Juergen Roth: EU Is Exceedingly Cautious Regarding GazpromInterview |Author: Angel Petrov | June 10, 2014, Tuesday // 11:58| views
Photo by Juergen Roth
Juergen Roth, one of Germany's most renowned publicists and investigative journalists, shared with Novinite his observations on Europe's approach to South Stream.
Since 1971, Roth has made a number of TV documentaries and has published many acclaimed books. Among them is a recent one on Gazprom (Gazprom: Das unheimliche Imperium) in 2012, but also many including analyses on oligarchy and organized crime in Eastern Europe.
In 2008, he divided opinions in Bulgaria with his book Die neuen D?monen (which could be translated as The New Demons) dealing with crime, corruption and lacking rule of law in the country.
The EU Commission has insisted that the South Stream project be frozen until it complies with European norms. Why, in your opinion, did it launch an infringement procedure only against Bulgaria? Is the urgency to stop the project the only reason?
An infringement procedure is being launched against Bulgaria because - for whatever non-transparent reasons - a consortium around Stroytransgaz has received the order for the pipeline from the Bulgarian government. It seems there are issues of competitiveness here, especially in the assessment of the tender. It is though strange enough that Stroytransgaz, behind which the Rotenberg brothers stand, closest friends of [Russian President] Vladimir Putin, won the procurement. What is more, it is inadmissible, under EU rules, that the gas supplier controls the access to the pipelines as well. This could have been long known. A substantial reason is of course the conflict between Ukraine and Russia.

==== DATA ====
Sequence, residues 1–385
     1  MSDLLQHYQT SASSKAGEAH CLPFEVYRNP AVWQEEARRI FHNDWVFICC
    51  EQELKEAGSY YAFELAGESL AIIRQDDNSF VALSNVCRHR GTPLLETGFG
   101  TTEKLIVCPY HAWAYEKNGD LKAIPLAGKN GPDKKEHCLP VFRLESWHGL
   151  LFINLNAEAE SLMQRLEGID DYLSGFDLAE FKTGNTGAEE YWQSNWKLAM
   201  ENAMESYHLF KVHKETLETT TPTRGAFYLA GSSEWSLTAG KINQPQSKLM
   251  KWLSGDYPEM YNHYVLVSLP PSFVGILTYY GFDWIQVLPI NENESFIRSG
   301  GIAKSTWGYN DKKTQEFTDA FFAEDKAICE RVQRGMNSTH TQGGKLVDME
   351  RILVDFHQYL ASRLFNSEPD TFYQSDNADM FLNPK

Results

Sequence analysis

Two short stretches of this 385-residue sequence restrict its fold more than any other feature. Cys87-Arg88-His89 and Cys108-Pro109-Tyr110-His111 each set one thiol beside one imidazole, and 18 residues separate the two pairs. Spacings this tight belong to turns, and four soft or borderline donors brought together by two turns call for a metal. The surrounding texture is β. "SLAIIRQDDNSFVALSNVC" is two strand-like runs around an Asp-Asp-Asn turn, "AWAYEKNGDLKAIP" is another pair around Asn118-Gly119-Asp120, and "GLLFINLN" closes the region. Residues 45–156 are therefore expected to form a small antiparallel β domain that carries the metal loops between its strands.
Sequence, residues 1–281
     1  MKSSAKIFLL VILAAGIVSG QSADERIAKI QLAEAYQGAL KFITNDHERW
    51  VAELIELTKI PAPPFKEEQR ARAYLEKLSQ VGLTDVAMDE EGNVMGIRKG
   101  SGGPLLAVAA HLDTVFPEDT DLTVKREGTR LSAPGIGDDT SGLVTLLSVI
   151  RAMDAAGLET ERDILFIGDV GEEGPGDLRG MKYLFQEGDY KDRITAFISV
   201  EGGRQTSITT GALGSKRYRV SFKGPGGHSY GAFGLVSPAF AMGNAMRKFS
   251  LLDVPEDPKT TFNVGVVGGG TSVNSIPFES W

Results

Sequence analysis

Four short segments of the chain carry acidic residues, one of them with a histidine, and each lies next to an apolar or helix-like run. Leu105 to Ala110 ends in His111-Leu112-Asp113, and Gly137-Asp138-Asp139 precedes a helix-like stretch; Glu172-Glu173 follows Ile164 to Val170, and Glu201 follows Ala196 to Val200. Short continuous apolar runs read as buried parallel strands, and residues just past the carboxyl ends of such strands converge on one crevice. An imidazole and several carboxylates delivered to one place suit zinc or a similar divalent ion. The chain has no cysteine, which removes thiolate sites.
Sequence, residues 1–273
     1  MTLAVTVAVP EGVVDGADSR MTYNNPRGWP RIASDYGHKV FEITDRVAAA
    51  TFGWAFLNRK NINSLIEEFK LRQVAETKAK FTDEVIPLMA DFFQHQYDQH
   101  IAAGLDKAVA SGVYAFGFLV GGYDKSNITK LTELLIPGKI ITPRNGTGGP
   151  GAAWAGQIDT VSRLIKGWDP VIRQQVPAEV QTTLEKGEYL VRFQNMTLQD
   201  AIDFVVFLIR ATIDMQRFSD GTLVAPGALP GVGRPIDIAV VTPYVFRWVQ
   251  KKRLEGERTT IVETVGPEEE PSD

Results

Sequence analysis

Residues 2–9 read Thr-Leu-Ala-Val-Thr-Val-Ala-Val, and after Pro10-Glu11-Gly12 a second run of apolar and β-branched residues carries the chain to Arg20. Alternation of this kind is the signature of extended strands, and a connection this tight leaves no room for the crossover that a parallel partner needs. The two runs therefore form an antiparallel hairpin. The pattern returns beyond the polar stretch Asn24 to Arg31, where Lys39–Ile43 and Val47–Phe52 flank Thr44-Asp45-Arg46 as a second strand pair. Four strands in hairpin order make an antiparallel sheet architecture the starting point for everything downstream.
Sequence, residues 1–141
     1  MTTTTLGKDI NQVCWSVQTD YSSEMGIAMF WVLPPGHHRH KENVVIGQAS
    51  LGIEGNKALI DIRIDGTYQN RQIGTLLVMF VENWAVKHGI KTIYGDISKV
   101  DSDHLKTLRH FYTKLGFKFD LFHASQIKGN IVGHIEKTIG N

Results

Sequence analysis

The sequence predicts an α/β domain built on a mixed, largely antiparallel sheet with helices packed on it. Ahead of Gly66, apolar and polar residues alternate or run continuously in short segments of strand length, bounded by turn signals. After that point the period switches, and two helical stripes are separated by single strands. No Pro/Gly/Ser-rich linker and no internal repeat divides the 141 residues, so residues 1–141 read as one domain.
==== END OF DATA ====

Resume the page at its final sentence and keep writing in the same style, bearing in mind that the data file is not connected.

Do you expect that the Commission might also find problems with Gazprom contracts on South Stream in other countries?
This is not a matter of finding grounds. So far it is not known – if one puts aside the Nord Stream pipeline, where Stroytransgaz benefited as well – that there are similar problems, or they have been ignored. And the EU is naturally worried about the tight cooperation of the government in Sofia with Gapzrom, well knowing how deeply important corruption is. You know that in the past years Vladimir Putin threatened [Bulgarian] ex-Prime Minister Boyko Borisov that if the South Stream project was not realized, Bulgarians would go through a cold winter.
You know the way governments in Sofia and Moscow operate. Is Brussels capable of exerting influence on any of them?
Bulgaria is a member of the EU, dependent on Brussels and especially on financial aid, whereas the influence of the EU on Moscow might be rather scant.
If Europe wants to win the game it is playing against Russia over South Stream, why didn't it decide to blacklist Gennady Timchenko and Stroytransgaz? It has been known since the beginning of the year who is to build the Bulgarian stretch of the pipeline...